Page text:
Mark Czajowski, Chief Marketing Officer at Manulife, drew a parallel between the rising prominence of mental health coverage and the trajectory of critical illness coverage in the past decade—an encouraging upward trend. But as systemic change is brewing, how can organisations take matters into their own hands?
For S. Mahandran S. Subramaniam, Head of Wellness at MiCare Malaysia, destigmatising mental health in the Asian workplace isn’t confined to on-site talks and webinars. He does this with “discovery consultations” where employees can briefly chat with different subject matter experts about topics ranging from sleeping issues to marital problems and work stress:
“You speak to all of them for ten minutes each. Once an employee warms up to a counsellor, they may book a consultation separately.”
Catch up on his session here:
Not sure how to implement a mental health solution effectively? Check out our guide here.
7. Assess your ROI based on utility, not utilisation.
If you have to visit your dentist every week, is that an indication of good dental health? Probably not, says Intellect’s very own Dr. Oliver Suendermann, the VP of Clinical, who candidly addressed the shortcomings of traditional EAPs in his session titled “Making the Business Case for Mental Health: Inside the Region’s First ROI Study of a Wellbeing Programme.”
“Really, it’s a band-aid solution that can’t really shift the culture of your company. You’ve got to work with the leaders,” he stated.
Catch up on his sharing here:
Rather than fixating on adoption numbers, organisations would do well to assess the impact of their EAP on three levels. One, does it help reduce stress among your employees? Two, is it a catalyst for holistic wellbeing, encompassing financial, nutritional, and physical facets? Last but certainly not least, can it bring about cultural change and, consequently, employee engagement and retention?
Lutfi Ghani, Human Resource Director for Singapore and Malaysia, Kuehne + Nagel, weighed in on his experience with Intellect:
“One of the KPIs we had was attrition, coming out of the pandemic. During exit interviews, we noticed that many employees who left felt unsupported. (Later), we did see a significant drop in employees who wanted to leave due to (a lack of) work-life balance.”
8. Mental health benefits are a low-hanging fruit for talent recruitment.
In a competitive job market, offering comprehensive mental health support can set your organisation apart, as suggested by Colyn Chua, Head of Jardines Mindset, in her session titled “Lessons From the Largest Corporate CSR & Wellbeing Programme in the Region.” In her view, the concept of a “sandwiched generation” applies to the workplace as well.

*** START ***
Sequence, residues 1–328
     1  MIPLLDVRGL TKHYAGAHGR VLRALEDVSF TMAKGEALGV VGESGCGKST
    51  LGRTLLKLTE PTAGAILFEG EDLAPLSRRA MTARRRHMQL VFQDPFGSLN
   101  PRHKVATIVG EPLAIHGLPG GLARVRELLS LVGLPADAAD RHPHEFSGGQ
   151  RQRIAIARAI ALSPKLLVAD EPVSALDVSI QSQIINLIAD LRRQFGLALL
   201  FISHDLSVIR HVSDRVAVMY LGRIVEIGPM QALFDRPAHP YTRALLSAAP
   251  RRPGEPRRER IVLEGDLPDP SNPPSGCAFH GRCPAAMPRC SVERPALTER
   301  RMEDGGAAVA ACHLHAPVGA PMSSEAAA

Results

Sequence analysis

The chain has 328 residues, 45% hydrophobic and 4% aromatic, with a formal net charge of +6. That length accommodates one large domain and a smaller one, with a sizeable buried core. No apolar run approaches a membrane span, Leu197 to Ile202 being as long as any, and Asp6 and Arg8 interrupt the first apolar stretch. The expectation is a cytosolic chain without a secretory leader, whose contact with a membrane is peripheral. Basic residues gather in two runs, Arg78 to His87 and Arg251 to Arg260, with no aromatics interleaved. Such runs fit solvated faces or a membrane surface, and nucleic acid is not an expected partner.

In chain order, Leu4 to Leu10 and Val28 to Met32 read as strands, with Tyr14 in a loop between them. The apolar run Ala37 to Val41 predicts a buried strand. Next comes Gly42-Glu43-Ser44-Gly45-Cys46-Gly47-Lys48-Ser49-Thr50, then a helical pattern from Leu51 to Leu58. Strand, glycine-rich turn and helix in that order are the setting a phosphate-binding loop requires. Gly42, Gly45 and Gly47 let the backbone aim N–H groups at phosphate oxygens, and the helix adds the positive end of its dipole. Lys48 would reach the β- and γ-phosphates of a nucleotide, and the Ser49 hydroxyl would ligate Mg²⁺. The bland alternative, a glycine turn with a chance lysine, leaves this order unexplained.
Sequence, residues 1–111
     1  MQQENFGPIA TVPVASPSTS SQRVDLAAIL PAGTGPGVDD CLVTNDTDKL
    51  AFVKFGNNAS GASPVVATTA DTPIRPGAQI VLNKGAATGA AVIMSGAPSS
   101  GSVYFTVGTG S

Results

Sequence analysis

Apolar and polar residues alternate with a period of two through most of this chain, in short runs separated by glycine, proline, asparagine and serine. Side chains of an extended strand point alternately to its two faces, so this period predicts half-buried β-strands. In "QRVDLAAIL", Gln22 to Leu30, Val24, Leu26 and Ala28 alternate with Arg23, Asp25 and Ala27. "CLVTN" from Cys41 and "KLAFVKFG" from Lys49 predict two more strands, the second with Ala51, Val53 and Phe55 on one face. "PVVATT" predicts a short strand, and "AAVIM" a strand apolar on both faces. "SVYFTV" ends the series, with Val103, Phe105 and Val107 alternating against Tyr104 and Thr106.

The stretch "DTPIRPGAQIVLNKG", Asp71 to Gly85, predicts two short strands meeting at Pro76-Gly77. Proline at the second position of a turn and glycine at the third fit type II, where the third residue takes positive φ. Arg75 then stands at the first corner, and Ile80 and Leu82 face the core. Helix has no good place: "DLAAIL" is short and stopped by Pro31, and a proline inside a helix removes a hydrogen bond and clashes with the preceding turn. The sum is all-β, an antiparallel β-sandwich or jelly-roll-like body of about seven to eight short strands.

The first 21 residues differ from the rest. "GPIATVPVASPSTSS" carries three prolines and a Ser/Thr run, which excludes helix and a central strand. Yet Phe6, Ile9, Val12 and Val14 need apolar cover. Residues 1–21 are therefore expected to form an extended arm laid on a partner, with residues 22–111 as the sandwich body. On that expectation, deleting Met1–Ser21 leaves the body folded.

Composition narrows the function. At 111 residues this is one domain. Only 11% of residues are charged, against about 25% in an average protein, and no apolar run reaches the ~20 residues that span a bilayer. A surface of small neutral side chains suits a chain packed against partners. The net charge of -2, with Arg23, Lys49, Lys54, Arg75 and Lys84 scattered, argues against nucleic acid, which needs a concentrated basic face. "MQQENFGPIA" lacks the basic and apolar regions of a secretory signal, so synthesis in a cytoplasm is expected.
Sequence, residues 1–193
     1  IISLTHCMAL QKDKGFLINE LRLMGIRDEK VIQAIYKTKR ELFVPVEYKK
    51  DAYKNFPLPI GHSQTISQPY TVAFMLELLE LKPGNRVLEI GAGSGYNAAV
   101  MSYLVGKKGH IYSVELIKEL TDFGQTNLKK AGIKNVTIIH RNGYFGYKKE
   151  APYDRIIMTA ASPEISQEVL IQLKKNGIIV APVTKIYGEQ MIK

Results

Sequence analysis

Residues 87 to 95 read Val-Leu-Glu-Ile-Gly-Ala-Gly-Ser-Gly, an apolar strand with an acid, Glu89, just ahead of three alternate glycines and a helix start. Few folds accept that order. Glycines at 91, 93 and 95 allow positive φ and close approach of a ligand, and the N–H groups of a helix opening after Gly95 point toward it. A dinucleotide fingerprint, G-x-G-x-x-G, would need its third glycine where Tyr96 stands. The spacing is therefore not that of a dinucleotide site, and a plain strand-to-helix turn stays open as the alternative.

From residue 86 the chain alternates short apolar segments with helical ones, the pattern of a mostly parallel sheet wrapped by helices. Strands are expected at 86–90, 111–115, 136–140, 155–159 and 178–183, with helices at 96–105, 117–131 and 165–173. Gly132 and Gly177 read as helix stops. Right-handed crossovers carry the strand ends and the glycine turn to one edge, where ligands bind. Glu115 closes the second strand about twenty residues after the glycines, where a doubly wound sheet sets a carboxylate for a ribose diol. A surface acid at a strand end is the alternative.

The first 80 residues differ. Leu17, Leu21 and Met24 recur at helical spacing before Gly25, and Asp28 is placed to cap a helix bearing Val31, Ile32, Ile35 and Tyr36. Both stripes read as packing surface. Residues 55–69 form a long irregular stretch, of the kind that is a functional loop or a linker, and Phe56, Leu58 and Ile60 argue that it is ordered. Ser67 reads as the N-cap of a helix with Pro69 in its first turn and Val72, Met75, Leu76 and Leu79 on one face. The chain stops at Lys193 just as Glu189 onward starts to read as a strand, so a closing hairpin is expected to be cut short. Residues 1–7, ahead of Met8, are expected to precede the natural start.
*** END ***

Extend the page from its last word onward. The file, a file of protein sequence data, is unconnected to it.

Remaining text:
Catch up on her session here:
“There is absolutely no way to hide the upward trend of mental health concerns among 18-49 year olds…3 out of 4 Gen-Zs will not even consider joining a company if there are no mental health provisions. It’s critical for us to bridge these gaps,” she said, likening the latter to a quick win in attracting young employees.
How do you know if you’re on the right track? Colyn suggests inserting a few questions about emotional support and the working environment in pulse surveys and performance appraisals. Read an organisational psychologist’s guide to measuring employee wellbeing here.
9. The answer to employee wellbeing could be right under your nose.
While policy changes are underway, what more can be done at the organisational level? Plenty, according to Associate Professor Yong Keng Kwang, Group Chief Nurse of the National Healthcare Group (NHG) in Singapore, who shared his strategies for managing 22,000 staff working in a high-pressure environment.
“Whether it’s physical or mental wellbeing, we want to detect when colleagues are in distress and put in the effort to help them recover,” he said. As such, mental health literacy and peer support system form the foundation on which NHG’s employee assistance program (EAP) is built on.
Catch up on Prof Yong’s session here:
Echoing his sentiments is Yong Yih Ming, CEO of Mount Elizabeth Hospital, who posed the question: Who should be responsible for the mental wellbeing of patients? In mental healthcare, where symptoms are more insidious than, say, having a fever, he stressed the importance of educating family members, coworkers, and supervisors to identify risk factors.
10. Employ different strokes for different folks.
Heineken has 700 employees across 19 different nationalities. The National University of Singapore (NUS) has a population of over 60,000 staff and students. Mercer deals with benefits not just for full-time employees but also the hourly workforce. What can we learn from these organisations about tailoring mental health benefits for a diverse audience?
Shaun Ee, Cluster Head of People at The HEINEKEN Company, added that this people-first mindset has to be genuine, as what work-life harmony looks like for one individual can be very different for another:
“Respect that every individual is an individual and ask: What’s going to give my employees energy? At the end of the day, our people aren’t digits. They’ve got ecosystems – their friends and families – behind them.”
Catch up on their insights here:
Intellect – personalised, scalable, effective
Wellbeing was once considered solely an individual responsibility, but the reality is that workplaces now wield more influence than ever before.
In the words of Anthea Ong, “we really cannot solve a problem with the same way of thinking that created it in the first place.” It’s encouraging to see that the new national strategy introduced by the Singaporean government on October 5, 2023, aligns with Intellect’s philosophy that mental wellbeing is a continuum, and it’s more beneficial to be proactive rather than reactive.
Learn more about Intellect’s services for businesses here.